The Federal Circuit Court of Appeals has granted a request from Medtronic to suspend the preliminary injunction that was ordered on 11 April to limit the sale of its CoreValve system in the US.
According to the company, the injunction was previously scheduled to take effect on 23 April, and will now only occur if the appellate court rules that it was properly granted.
Last week, the Court of Appeals agreed to an expedited appeal of the injunction and the last appeal brief is due on 19 June.
Medtronic said it does not believe Edwards Lifesciences, which brought the motion for a preliminary injunction, has met the standards needed for an injunction, particularly with respect to the impact it will have on the public interest.
Medtronic senior vice-president Dr John Liddicoat said: "We believe this ruling is good news for patients who need the CoreValve device, and our primary objective has been to work closely with physicians to ensure that their patients are able to get the therapy they need."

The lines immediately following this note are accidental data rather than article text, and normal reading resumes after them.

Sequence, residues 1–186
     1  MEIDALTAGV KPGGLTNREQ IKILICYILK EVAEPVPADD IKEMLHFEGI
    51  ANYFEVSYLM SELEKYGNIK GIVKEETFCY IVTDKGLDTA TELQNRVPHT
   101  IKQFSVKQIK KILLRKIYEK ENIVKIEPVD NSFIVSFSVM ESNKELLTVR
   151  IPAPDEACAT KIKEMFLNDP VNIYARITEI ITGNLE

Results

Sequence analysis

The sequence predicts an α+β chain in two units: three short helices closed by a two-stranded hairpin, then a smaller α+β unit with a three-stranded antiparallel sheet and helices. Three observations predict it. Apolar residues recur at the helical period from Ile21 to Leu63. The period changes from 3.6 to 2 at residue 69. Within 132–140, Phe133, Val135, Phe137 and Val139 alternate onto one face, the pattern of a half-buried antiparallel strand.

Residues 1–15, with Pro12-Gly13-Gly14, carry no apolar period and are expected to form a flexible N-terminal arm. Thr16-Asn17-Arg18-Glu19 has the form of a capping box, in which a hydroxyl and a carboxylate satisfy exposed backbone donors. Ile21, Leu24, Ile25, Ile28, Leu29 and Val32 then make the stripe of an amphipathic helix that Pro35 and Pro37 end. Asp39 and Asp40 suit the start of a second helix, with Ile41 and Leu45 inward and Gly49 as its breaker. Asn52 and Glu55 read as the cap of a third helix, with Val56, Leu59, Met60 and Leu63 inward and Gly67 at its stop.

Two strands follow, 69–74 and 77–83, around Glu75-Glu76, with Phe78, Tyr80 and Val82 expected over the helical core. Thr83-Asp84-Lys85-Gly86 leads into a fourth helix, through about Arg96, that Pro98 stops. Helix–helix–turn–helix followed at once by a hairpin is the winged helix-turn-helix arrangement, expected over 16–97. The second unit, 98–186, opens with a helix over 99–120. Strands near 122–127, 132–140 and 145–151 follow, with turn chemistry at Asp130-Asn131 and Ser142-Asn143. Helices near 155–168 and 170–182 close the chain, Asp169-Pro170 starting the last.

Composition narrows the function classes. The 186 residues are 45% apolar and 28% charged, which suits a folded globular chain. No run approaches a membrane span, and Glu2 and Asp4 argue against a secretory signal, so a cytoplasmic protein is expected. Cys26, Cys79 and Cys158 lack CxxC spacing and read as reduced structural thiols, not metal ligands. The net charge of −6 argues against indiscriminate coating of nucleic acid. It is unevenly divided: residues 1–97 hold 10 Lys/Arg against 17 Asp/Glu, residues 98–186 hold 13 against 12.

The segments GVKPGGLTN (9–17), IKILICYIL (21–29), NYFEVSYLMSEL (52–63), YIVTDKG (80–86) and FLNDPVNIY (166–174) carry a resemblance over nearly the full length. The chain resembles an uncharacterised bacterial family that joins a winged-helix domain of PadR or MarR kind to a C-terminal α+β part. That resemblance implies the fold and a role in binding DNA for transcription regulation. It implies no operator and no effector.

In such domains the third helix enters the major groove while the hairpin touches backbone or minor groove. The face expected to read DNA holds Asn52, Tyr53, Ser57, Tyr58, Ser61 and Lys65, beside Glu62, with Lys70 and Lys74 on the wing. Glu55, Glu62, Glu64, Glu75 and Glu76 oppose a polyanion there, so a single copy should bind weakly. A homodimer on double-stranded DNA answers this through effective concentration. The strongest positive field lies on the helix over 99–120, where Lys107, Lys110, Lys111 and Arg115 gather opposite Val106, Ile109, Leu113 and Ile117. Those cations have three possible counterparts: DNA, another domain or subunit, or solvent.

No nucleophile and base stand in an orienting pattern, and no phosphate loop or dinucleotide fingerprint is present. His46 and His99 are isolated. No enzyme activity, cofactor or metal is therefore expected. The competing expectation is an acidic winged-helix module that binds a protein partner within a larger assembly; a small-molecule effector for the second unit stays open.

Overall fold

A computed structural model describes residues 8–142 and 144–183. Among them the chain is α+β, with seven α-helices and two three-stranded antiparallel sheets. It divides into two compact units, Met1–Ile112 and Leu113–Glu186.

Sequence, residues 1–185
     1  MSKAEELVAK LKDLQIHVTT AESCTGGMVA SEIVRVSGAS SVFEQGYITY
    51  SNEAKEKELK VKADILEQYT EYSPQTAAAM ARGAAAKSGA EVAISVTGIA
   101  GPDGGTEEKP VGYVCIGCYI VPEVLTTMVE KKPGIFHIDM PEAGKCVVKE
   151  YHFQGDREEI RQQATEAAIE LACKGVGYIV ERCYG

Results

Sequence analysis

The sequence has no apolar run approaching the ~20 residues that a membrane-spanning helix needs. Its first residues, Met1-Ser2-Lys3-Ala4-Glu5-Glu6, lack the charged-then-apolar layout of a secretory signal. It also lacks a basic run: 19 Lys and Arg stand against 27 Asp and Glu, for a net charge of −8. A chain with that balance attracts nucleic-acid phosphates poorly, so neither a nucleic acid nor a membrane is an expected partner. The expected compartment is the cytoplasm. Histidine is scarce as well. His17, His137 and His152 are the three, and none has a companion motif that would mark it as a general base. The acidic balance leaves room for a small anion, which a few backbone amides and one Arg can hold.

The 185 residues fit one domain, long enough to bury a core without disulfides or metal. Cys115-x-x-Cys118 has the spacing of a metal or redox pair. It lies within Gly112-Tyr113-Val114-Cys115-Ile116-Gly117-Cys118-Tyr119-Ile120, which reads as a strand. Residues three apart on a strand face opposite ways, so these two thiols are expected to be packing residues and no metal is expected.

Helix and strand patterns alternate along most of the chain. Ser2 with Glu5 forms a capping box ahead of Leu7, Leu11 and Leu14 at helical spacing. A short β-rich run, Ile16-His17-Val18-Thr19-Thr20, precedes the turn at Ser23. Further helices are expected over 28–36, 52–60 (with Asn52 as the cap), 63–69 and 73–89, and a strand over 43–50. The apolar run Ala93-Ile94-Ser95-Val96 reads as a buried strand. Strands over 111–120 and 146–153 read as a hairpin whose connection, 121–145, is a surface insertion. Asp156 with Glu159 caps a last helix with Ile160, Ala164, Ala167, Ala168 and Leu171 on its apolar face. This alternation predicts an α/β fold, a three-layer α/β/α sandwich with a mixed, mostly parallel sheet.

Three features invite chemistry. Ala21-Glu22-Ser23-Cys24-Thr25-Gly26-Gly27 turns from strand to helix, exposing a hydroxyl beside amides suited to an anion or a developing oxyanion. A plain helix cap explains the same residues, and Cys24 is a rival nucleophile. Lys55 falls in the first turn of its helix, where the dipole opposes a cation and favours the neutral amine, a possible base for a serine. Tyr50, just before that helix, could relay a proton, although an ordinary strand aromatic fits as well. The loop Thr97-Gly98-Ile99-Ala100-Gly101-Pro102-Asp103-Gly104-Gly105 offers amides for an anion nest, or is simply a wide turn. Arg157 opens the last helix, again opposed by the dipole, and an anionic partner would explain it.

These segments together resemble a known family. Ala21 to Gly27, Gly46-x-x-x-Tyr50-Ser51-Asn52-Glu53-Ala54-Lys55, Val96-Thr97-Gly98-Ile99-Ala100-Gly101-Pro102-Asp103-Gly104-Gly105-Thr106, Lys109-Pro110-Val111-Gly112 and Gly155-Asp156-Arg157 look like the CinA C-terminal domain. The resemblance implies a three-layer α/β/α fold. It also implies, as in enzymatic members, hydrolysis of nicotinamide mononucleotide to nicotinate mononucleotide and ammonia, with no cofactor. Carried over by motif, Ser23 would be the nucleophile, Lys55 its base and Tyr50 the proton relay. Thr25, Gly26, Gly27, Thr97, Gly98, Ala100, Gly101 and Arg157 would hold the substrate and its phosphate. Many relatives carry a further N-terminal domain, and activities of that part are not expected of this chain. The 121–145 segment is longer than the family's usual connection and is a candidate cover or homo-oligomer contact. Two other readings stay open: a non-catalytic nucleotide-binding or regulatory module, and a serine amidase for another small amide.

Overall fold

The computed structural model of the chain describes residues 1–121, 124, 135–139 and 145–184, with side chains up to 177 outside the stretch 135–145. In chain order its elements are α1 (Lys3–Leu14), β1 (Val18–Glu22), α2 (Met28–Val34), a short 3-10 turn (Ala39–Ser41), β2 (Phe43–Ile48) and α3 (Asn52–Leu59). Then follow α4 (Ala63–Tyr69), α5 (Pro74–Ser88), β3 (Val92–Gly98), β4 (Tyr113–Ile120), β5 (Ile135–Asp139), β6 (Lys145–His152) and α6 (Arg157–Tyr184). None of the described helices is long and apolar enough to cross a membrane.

The CoreValve system received US Food and Drug Administration (FDA) approval in January for patients at extreme risk for surgical valve replacement.
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Before then, CoreValve therapy was available to extreme risk patients who were eligible to participate in the US clinical trial. The CoreValve system is not yet approved in the US for other patient groups.
Medtronic said that this ruling has no impact on the sale or marketing of CoreValve outside of the US or the use of CoreValve in the current US clinical trials.
In March, data presented at the American College of Cardiology (ACC) annual meeting and simultaneously published in The New England Journal of Medicine showed superior results compared with surgical aortic valve replacement (SAVR) at one year in patients at increased risk for surgery.
It is claimed to be the first prospective and randomised study to show any transcatheter aortic valve to be superior to surgery. Medtronic anticipates FDA approval of the CoreValve system for high risk patients sometime this summer.